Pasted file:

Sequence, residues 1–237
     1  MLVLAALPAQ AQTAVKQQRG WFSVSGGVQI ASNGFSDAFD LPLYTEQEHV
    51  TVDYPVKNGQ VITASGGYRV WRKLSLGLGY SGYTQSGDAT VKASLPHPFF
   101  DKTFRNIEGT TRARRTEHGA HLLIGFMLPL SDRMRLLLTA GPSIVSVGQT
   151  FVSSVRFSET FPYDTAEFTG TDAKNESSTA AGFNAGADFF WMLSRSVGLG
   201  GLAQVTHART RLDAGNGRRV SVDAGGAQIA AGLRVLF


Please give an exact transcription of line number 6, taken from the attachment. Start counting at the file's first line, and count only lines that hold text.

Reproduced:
   201  GLAQVTHART RLDAGNGRRV SVDAGGAQIA AGLRVLF